Research unpacking student scholarships for work experience
Financial support for students undertaking work integrated learning is essential for improving the accessibility of internships and work placements. Research from the University of Adelaide Law School has identified key gaps in these programs and generated recommendations for maximising their accessibility.
Work integrated learning (WIL) is a key component of many university courses in which students undertake placements or internships in the workplace.
Unfortunately, while these programs may be effective learning experiences, they are often inaccessible to many students and can contribute to existing social disadvantage due to the expectation of unpaid work.
One solution to this issue is for universities to offer financial support for students to undertake WIL, but it is essential that these support programs (collectively referred to as “studentships”) be implemented carefully to maximise their benefit to the student and minimise risk to the funding organisation.
Associate Professor Anne Hewitt of the University of Adelaide Law School and Dr Craig Cameron from Griffith University, together with funding from the Australian Collaborative Education Network, have conducted brand new research which interrogates this issue.
“This is the first research undertaken in Australia which sheds light on what support is available for students engaged in WIL. It lets us better understand the kinds of support being offered, who is sponsoring it, and how that support is being structured,” Associate Professor Hewitt explained.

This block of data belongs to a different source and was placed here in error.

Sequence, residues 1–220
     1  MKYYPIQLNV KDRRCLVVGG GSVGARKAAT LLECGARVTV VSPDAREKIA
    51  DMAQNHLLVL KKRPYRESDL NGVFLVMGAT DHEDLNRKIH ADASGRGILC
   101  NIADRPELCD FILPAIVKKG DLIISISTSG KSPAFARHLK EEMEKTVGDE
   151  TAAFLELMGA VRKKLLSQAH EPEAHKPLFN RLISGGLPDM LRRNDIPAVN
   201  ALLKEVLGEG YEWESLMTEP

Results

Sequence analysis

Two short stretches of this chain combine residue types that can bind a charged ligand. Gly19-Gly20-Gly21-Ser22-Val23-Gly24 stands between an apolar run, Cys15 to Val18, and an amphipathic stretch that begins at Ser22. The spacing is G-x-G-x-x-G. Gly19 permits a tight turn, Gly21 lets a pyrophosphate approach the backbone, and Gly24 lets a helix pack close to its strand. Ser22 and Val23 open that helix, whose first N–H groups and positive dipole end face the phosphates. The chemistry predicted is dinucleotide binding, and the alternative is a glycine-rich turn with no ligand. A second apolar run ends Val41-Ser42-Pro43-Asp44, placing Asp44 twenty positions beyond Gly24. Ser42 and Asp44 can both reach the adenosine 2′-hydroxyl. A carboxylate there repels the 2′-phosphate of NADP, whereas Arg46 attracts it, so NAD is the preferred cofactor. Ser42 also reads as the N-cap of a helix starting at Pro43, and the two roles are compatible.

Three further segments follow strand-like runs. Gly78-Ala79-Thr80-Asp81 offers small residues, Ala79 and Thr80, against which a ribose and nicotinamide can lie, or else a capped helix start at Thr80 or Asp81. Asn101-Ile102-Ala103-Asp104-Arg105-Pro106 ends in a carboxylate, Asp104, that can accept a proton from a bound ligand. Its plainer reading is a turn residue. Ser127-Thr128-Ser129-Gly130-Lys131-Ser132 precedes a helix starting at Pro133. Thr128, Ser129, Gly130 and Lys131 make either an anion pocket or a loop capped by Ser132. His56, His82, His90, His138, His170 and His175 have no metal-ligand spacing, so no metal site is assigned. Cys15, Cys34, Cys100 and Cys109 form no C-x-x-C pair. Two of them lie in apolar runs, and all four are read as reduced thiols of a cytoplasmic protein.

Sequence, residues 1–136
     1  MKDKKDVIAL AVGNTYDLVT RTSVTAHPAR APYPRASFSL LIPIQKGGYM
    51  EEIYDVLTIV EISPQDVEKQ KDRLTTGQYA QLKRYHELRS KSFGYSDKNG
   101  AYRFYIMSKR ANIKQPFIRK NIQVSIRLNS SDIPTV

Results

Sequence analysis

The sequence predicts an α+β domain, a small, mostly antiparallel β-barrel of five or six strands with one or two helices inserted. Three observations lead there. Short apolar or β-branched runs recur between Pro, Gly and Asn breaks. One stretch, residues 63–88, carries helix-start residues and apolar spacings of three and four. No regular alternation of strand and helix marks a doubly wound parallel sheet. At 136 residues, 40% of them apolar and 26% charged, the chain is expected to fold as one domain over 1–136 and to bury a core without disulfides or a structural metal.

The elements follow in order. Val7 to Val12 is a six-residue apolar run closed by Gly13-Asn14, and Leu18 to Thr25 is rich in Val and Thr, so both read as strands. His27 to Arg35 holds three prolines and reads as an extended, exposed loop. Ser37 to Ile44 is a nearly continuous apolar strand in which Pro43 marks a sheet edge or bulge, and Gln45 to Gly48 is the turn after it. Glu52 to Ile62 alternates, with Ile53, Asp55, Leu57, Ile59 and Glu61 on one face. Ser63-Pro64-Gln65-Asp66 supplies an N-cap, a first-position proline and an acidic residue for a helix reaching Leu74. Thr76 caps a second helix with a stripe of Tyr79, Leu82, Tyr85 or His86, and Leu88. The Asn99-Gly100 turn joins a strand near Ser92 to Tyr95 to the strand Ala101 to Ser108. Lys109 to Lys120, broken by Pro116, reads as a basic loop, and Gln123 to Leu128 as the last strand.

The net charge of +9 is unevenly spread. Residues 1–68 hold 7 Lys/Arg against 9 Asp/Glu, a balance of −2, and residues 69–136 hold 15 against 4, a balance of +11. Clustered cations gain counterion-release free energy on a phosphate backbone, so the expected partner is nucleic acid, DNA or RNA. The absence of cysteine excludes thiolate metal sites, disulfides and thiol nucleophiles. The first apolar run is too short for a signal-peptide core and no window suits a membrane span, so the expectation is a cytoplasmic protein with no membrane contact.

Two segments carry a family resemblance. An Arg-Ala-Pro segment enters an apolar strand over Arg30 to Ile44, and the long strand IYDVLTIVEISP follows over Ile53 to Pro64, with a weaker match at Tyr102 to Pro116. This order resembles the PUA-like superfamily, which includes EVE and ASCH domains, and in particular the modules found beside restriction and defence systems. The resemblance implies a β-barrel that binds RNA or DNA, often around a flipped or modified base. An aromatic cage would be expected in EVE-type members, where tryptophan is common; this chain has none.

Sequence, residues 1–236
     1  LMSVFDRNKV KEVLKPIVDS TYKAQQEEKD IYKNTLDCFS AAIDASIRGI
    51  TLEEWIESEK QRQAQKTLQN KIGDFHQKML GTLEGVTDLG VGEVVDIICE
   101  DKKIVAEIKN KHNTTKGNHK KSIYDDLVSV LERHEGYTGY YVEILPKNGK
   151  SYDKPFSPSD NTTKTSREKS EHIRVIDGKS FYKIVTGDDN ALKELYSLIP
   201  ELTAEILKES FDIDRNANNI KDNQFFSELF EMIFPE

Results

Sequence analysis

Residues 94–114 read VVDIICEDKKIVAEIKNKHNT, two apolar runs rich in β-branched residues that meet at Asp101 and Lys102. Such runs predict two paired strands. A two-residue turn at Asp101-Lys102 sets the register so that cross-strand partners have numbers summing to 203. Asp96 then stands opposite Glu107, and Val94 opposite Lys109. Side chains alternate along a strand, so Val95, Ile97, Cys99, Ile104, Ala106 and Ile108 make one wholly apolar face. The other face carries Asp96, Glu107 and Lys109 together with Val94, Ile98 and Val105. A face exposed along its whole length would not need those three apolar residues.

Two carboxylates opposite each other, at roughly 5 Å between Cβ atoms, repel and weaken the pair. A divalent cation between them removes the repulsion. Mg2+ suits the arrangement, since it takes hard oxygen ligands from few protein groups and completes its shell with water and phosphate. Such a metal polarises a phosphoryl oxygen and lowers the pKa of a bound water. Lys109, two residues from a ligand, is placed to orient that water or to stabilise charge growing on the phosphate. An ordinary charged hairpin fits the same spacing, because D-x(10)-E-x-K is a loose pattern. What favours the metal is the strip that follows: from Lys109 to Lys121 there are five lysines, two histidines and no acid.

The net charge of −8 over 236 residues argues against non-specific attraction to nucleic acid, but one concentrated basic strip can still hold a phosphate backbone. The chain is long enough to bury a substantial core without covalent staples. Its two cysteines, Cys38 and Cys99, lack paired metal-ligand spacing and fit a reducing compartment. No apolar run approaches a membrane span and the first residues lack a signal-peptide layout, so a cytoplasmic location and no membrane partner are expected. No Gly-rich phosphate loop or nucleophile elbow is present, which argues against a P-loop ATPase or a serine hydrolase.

The report, which can be found here, includes thirteen key recommendations for funding organisations to consider when setting up financial support for WIL.
“Clear communication is central to these recommendations, and we’ve highlighted a need for transparency about studentship opportunities,” Associate Professor Hewitt adds.
“Another recommendation identifies the need for funding organisations to consider equality of access from the very beginning of the program, offering a diverse range of financial support opportunities that can cater to the specific needs of different student groups.”
Associate Professor Hewitt hopes that this comprehensive review of WIL studentships will provide a solid base of evidence for organisations to use when creating financial support for students.
“This research will help all stakeholders, including universities, charitable organisations, and students, to identify where there are gaps in the support available, as well as consider the hazards and benefits,” she says.
“This will support an improvement in the quantity and quality of financial support schemes, while also increasing the number of well-informed sponsors willing to provide the support and confidently manage the associated risks.”
Associate Professor Anne Hewitt
Adelaide Law School
Faculty of Arts, Business, Law and Economics